The only known repeating fast radio bursts may originate from a neutron star in an extreme environment, according to a study published in Nature this week.
Fast radio bursts are millisecond-duration, extragalactic radio flashes of unknown physical origin. The only known source of repeating fast radio bursts, called FRB 121102, has been localized to a star-forming region in a dwarf galaxy with a redshift (a parameter used to indicate distance) of approximately 0.2. However, the origin of the bursts, the nature of the source and the properties of the local environment are still debated.
Jason Hessels and colleagues detected 16 bursts from FRB 121102 using the William E. Gordon Telescope at the Arecibo Observatory. The authors found that the bursts had a very high and variable Faraday rotation measure - rotation of the plane of polarization of the radio waves as they pass through a magnetic field in plasma. These findings suggest that FRB 121102 is in an environment with an extremely high magnetic field and temperature, and previously such conditions have been observed only in the vicinity of massive black holes; however, other models may also explain these properties. The authors note that the short duration of the bursts could imply they come from a neutron star in such an environment.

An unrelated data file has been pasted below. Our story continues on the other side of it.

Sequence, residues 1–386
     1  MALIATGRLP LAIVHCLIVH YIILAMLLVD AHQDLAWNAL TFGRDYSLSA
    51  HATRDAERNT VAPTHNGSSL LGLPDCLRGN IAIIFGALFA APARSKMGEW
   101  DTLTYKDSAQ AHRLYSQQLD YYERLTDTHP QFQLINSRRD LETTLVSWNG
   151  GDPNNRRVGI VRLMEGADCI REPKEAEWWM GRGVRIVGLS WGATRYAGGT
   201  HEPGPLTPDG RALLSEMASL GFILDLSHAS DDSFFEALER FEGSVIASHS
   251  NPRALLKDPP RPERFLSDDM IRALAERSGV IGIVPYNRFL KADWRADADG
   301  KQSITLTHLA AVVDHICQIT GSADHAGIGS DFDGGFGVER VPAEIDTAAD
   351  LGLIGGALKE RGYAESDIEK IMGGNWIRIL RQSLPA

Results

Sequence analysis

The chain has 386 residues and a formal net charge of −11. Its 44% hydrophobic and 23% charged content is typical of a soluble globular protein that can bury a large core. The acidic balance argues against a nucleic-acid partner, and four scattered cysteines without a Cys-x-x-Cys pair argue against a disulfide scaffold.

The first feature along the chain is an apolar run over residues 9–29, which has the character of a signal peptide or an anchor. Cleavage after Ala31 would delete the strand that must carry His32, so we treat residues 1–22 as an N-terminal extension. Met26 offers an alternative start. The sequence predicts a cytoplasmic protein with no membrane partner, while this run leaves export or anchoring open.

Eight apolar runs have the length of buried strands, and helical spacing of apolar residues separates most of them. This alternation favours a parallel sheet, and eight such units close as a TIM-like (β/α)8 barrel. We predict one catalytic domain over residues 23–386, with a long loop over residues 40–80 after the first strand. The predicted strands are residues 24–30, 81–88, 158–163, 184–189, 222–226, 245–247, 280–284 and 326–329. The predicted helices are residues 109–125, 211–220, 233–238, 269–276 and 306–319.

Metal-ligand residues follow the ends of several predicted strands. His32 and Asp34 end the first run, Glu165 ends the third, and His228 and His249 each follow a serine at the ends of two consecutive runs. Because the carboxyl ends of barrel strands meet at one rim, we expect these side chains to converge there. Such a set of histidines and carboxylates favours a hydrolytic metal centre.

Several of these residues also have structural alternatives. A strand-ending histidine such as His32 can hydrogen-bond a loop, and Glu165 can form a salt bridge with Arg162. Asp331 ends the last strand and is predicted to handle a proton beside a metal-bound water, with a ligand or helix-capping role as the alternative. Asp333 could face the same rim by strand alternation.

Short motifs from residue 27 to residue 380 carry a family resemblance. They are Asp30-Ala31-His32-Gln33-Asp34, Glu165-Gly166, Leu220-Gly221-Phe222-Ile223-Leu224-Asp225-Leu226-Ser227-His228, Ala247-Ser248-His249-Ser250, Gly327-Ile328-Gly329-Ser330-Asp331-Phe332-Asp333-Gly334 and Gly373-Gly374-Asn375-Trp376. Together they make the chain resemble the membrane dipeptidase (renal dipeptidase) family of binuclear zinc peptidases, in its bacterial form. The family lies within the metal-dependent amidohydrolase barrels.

The authors speculate that the markedly higher activity level of FRB 121102 compared to other fast radio bursts is predominantly a consequence of the environment in which it is found.
Electronics: Wireless power scales upNature Electronics
A diffuse core in Saturn revealed by ring seismologyNature Astronomy
Robotics: Chameleon-inspired soft robot mimics its backgroundNature Communications